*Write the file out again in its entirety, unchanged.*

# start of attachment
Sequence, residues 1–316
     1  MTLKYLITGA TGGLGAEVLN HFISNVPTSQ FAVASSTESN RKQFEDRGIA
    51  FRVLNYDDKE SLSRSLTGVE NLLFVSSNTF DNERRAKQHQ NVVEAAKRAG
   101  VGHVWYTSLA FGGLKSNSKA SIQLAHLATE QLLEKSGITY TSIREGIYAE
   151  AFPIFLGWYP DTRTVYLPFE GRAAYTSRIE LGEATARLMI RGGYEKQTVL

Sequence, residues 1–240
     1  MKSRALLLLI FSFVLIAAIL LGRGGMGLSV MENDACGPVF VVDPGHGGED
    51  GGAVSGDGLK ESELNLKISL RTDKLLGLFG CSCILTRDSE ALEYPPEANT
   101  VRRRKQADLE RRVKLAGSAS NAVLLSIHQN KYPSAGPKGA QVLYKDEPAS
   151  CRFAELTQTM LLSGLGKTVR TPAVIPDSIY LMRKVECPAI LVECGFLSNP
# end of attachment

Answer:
Sequence, residues 1–316
     1  MTLKYLITGA TGGLGAEVLN HFISNVPTSQ FAVASSTESN RKQFEDRGIA
    51  FRVLNYDDKE SLSRSLTGVE NLLFVSSNTF DNERRAKQHQ NVVEAAKRAG
   101  VGHVWYTSLA FGGLKSNSKA SIQLAHLATE QLLEKSGITY TSIREGIYAE
   151  AFPIFLGWYP DTRTVYLPFE GRAAYTSRIE LGEATARLMI RGGYEKQTVL

Sequence, residues 1–240
     1  MKSRALLLLI FSFVLIAAIL LGRGGMGLSV MENDACGPVF VVDPGHGGED
    51  GGAVSGDGLK ESELNLKISL RTDKLLGLFG CSCILTRDSE ALEYPPEANT
   101  VRRRKQADLE RRVKLAGSAS NAVLLSIHQN KYPSAGPKGA QVLYKDEPAS
   151  CRFAELTQTM LLSGLGKTVR TPAVIPDSIY LMRKVECPAI LVECGFLSNP